Lentfer T.L.,Center for Proper Housing Poultry and Rabbits | Gebhardt-Henrich S.G.,Center for Proper Housing Poultry and Rabbits | Frohlich E.K.F.,Center for Proper Housing Poultry and Rabbits | Von Borell E.,Martin Luther University of Halle Wittenberg
Poultry Science | Year: 2013

The influence of the nest location and the placement of nipple drinkers on nest use by laying hens in a commercial aviary was assessed. Twenty pens in a laying hen house were equipped with the same commercial aviary system, but the pens differed in the nest location and the placement of nipple drinkers. Nests were placed along the walls in 10 pens, and nipple drinkers were installed in front of the nests in 5 of these pens. The other 10 pens were equipped with nests placed on a tier within the aviary (integrated nests). Nipple drinkers were installed in front of the nests in 5 of these pens. A total of 225 Lohmann Selected Leghorns were housed per pen. The hens were offered 4 nests per pen: 2 facing the service corridor of the laying hen house and 2 facing the outdoor area. The numbers of nest eggs and mislaid eggs were counted daily per pen. At 25, 36, and 43 wk of age, the nest platforms were videotaped and the behavior of laying hens in front of the nests was analyzed. The nest location affected the stationary and locomotive behaviors in front of the nests. Hens in front of the integrated nests and the nests with drinkers displayed more stationary behaviors than hens in front of wall-placed nests or nests without drinkers. No difference in the number of nest eggs could be detected, but the integration of the nests inside the aviary led to a more even distribution of hens while nest searching. In the pens with wall-placed nests, significantly more hens laid eggs in the nests at the wall near the service corridor than at the wall near the outdoor area. Due to this imbalance, crowding in front of the preferred nests occurred and pushing and agonistic interactions on the nest platforms were significantly more frequent. Placement of nipple drinkers in front of nests had no effect on the number of eggs laid in those nests. ©2013 Poultry Science Association Inc.


Stampfli K.,Center for Proper Housing Poultry and Rabbits | Roth B.A.,Center for Proper Housing Poultry and Rabbits | Buchwalder T.,Center for Proper Housing Poultry and Rabbits | Frohlich E.K.F.,Center for Proper Housing Poultry and Rabbits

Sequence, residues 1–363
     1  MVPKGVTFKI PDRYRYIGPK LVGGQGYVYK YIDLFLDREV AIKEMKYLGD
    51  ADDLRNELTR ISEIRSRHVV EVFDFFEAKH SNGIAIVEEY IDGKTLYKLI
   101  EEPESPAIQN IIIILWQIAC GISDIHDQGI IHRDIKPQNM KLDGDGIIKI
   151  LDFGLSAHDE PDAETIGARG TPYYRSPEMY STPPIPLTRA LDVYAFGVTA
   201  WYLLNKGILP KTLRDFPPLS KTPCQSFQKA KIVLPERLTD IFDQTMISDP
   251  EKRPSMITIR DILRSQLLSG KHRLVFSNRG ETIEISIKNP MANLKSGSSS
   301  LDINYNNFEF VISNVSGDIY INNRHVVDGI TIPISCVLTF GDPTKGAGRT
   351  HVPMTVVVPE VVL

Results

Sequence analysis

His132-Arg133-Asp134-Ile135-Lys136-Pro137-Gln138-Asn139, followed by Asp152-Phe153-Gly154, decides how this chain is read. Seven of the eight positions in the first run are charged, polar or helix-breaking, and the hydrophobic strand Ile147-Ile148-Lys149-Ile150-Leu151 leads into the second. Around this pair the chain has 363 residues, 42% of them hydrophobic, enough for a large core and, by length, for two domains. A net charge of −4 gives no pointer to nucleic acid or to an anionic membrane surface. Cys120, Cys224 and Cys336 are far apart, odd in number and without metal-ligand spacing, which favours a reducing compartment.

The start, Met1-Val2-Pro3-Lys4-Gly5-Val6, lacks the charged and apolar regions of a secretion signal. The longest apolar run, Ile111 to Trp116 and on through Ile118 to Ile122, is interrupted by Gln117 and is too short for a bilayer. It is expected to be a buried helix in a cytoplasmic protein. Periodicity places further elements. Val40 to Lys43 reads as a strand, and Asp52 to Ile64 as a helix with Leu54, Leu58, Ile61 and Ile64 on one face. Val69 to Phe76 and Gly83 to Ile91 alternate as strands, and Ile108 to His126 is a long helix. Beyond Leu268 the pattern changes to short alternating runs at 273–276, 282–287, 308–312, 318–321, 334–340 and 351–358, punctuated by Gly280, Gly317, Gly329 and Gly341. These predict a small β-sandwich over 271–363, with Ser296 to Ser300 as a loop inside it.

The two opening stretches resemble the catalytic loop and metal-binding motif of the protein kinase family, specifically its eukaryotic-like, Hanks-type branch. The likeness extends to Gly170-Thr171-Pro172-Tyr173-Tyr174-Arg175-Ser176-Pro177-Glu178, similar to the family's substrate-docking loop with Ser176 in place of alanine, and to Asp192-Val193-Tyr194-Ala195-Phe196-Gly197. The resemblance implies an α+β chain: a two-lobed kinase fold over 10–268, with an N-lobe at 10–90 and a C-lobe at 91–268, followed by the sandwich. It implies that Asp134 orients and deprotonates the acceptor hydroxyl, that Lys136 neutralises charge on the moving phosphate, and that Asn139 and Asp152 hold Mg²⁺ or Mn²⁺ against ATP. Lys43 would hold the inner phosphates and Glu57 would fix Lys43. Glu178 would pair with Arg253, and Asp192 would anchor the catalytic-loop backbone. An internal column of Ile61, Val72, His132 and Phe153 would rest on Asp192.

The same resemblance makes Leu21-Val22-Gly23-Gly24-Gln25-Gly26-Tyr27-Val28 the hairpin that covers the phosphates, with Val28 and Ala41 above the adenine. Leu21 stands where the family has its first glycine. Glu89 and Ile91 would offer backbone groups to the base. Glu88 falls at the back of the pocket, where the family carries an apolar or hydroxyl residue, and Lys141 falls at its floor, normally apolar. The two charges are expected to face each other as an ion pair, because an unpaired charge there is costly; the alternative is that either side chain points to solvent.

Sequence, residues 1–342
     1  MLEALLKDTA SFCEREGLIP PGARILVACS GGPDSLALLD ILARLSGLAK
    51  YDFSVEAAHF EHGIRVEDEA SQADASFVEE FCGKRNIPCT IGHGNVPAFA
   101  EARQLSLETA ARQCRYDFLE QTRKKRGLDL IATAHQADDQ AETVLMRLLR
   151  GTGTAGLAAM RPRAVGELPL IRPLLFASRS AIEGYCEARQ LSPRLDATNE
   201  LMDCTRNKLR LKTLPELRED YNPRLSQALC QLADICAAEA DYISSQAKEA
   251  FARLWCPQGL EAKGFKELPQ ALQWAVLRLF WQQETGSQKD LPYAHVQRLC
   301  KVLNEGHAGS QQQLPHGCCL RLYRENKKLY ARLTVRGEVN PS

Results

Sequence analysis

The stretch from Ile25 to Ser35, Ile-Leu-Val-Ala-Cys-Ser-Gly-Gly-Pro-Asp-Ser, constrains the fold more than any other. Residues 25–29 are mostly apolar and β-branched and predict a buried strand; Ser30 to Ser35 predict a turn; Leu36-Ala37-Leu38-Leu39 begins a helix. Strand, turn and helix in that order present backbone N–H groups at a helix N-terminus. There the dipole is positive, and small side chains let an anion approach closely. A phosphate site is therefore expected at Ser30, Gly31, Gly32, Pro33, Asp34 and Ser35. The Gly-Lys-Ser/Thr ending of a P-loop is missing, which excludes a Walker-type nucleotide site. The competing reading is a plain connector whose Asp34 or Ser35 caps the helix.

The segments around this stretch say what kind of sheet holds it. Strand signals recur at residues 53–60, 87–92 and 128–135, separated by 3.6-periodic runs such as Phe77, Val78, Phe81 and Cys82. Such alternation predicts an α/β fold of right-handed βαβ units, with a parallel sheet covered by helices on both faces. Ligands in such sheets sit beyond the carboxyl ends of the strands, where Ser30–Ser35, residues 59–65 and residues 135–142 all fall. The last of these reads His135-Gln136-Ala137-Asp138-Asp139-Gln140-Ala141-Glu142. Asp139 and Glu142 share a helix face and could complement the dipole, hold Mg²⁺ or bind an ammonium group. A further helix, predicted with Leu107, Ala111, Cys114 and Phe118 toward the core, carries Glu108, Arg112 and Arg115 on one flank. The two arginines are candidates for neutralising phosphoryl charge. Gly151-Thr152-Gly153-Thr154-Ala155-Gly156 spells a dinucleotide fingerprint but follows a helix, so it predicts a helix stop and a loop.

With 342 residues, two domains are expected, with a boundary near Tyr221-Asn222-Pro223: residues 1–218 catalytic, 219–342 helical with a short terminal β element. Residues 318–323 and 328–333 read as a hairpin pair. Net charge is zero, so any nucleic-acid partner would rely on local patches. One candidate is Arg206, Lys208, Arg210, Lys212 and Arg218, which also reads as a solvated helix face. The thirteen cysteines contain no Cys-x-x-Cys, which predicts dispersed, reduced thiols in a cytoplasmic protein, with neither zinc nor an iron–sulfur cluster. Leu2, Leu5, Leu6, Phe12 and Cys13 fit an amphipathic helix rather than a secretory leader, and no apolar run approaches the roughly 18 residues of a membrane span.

Applied Animal Behaviour Science | Year: 2011

Group nests in alternative housing systems for laying hens primarily fulfil the hen's needs for seclusion and protection. Commercial nests used in Switzerland are built according to the provisions of the Swiss Animal Welfare Legislation. However, nest types can differ in aspects, such as floor slope, that could have an impact on egg-laying behaviour. Floor slope has to be designed so that eggs roll away without breaking and so that hens feel comfortable laying their eggs. In commercial nests, the slope is usually between 12% and 18%. The aim of this study was to investigate the effect of floor slope on the hen's nest preference and laying behaviour. We predicted that hens would prefer nests with a lower sloped floor for evolutionary reasons and for reasons related to comfort.Eight pens, each with 17-18 white laying hens (LSL), were equipped with two roll-away nests (0.54m2) having different floor slopes (12% and 18%). Eggs were collected each day (from approximately 20 weeks of age until 28 weeks of age); the number of eggs in each nest and on the floor of the pens was recorded. Behaviour inside the nest was filmed for two consecutive days during the main egg-laying time from the second hour to the fifth hour (4h) after lights came on in week 27/28. The following data were recorded: number of hens in each nest, the nest visits/egg number ratio, the number of sitting events, the body alignment of hens sitting in the nest and the number and duration of nest visits. Data were analysed with a repeated-measures ANOVA. There was no difference between the numbers of eggs in the two nests, but more hens were counted in nests with a 12% slope (p=0.027). The ratio between the number of nest visits and number of eggs did not differ significantly between the nests. However, we counted more sitting events in the nest with 12% slope (p=0.007). The percentage of body alignment towards the back (p=0.044) and towards the front (p=0.028) of the nest differed between the nests. Furthermore, for nest visits lasting between 10 and 90min, we found significant differences in the total number of nest visits (p=0.039). For visits in this range of duration, we also found significant differences for nest visits with sitting (p=0.025) and for the number of nest visits with egg laying (p=0.049). All of these differences favoured the 12% nest.Both nests were generally accepted by the hens. However, because of the higher number of hens counted in the 12% nest and the higher amounts of nest visits and sitting events found in these nests, we recommend to use nests with a floor slope of 12% rather than 18%. © 2011 Elsevier B.V.